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How to create an end-user hApp

This guide describes how to create a hApp that can be directly installed and executed by the end users, for both desktop and mobile platforms.


The scaffolding tool is a great way to create and package holochain applications. However, its built-in templates don't produce an end-user installable application. They produce a .webhapp file that needs to be installed in a holochain runtime, which is the actual app that is being executed in the OS of the end-user (eg. the launcher).

We need a way to create end-users applications for mobile platforms to create simple experiences similar to what users are used to in the existing app stores.


This is also what kangaroo accomplishes. However, the approach that kangaroo takes is to serve as a template for you to clone it. The approach for p2p Shipyard's tauri-plugin-holochain is just to be another Tauri plugin, which means that apps will get bug fixes and new features automatically when upgrading to a new version of the plugin.

Scaffolding the end-user app


p2p Shipyard relies heavily on nix to achieve reproducible environments. Unfortunately, nix does not support Windows. So if you have a Windows OS, you will need to install Windows Subsystem Linux and run all the steps in this guide inside of its environment.

  1. If you haven't already, install the nix package manager with:
sh <(curl -L --daemon
sh <(curl -L

And follow along its instructions and prompts.

  1. Add the appropriate nix caches to your environment:
nix run nixpkgs#cachix use holochain-ci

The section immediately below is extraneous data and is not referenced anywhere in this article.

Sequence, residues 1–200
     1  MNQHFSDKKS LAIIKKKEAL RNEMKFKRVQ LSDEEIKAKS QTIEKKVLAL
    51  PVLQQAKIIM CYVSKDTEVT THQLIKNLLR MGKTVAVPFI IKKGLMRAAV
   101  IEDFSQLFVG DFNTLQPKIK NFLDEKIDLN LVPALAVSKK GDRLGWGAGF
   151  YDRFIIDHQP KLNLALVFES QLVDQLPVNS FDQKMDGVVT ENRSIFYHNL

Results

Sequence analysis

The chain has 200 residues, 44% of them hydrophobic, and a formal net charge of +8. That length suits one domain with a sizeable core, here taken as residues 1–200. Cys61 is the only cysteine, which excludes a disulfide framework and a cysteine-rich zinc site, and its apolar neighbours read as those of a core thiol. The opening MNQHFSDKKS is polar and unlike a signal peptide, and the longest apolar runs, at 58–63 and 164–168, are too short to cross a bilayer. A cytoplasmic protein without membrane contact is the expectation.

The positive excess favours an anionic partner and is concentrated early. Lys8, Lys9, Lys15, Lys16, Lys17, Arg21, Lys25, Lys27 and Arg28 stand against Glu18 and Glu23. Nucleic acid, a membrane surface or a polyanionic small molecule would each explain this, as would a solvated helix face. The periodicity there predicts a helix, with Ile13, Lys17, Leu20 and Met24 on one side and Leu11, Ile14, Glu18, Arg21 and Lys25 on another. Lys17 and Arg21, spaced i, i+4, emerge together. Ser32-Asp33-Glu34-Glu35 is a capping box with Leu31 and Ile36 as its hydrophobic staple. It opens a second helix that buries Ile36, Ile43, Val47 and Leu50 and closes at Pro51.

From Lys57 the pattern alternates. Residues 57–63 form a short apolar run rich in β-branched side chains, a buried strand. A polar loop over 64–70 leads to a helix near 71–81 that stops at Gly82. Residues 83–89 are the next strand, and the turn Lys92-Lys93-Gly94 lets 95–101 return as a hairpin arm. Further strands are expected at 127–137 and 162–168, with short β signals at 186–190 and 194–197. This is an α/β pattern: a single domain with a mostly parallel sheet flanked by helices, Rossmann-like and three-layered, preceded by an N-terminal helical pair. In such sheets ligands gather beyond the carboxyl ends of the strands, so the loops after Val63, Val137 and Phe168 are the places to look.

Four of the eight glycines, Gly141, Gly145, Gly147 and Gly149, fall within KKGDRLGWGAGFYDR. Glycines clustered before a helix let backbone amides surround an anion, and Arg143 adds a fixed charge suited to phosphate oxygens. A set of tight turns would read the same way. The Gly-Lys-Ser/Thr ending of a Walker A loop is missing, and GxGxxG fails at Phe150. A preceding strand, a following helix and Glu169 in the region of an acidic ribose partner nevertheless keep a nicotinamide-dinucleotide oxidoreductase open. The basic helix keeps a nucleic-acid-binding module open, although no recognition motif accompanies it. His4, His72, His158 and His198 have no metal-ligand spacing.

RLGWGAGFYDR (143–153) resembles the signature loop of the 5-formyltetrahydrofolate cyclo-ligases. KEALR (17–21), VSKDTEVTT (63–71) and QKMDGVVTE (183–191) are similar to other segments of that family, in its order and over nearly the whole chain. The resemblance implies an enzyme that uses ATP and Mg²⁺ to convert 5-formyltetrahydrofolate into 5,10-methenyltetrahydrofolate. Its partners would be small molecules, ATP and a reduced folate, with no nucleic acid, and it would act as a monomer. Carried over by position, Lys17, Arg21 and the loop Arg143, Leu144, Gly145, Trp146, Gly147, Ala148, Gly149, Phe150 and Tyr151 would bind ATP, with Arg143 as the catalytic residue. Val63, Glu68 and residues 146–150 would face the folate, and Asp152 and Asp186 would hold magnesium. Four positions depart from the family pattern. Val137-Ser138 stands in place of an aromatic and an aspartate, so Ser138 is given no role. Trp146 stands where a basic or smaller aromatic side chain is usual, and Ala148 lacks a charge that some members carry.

nix run nixpkgs#cachix use holochain-open-dev
nix run nixpkgs#cachix use darksoil-studio
  1. Scaffold your hApp using the scaffolding tool.

After it completes, make sure you execute its lasts steps:

nix develop
npm install


If you already have a hApp that you want to convert to a tauri end-user app, you can skip this step.

  1. Run this command inside the repository of your web-hApp:
nix run github:darksoil-studio/p2p-shipyard#scaffold-tauri-happ

And follow along to answer all the necessary prompts.

This will execute all the required steps to convert your previously scaffolded hApp to an end-user Tauri app.

  1. Take a look into the files that the scaffold command edited, and adapt them if necessary:
  • flake.nix: added the p2p-shipyard input and its devShells.
  • package.json: added set up scripts and some devDependencies.
  • ui/vite.config.ts: set the server configuration necessary for Tauri.
  • src-tauri: here is where the code for the backend of the tauri app lives.
    • For now it's a simple Tauri app that includes the tauri-plugin-holochain, and installs your app when it's first launched.
    • The tauri app will just use the UI that the scaffolding tool produced as its own UI.


The scaffold-tauri-happ command assumes that you have scaffolded your app using the scaffolding tool.

It also tries to make smart guesses about the structure of your project, but it can be tricky to support every repository structure. Please open an issue in the github repository if you find any bugs in it!

That's it! We now have an end-user, cross-platform hApp.


The scaffolded tauri app is missing icons, which are needed for the app to compile. Run through the rest of this guide and the following one (Getting to know Tauri) to be able to generate the icons for your Tauri app.

Development Environment

The scaffold-tauri-happ has added the necessary nix devShells to your flake.nix file so that you don't need to follow install anything to get the tauri or Android development environment.


Nix devShells are packages that describe development environments, with all their dependencies and environment variables, so that the developer does not need to configure manually their setup.

As usual, run this command to enter the development environment:

nix develop

This can take a while while it builds all the required dependencies.

Next, run these commands:

npm install
npm start
yarn install
yarn start
pnpm install
pnpm start

This will start two agents connected to each other.

Under the hood, these commands are running tauri CLI commands. As such, we should get to know Tauri a bit better to be comfortable while developing the app. Go to Getting to know Tauri to familiarize yourself with it.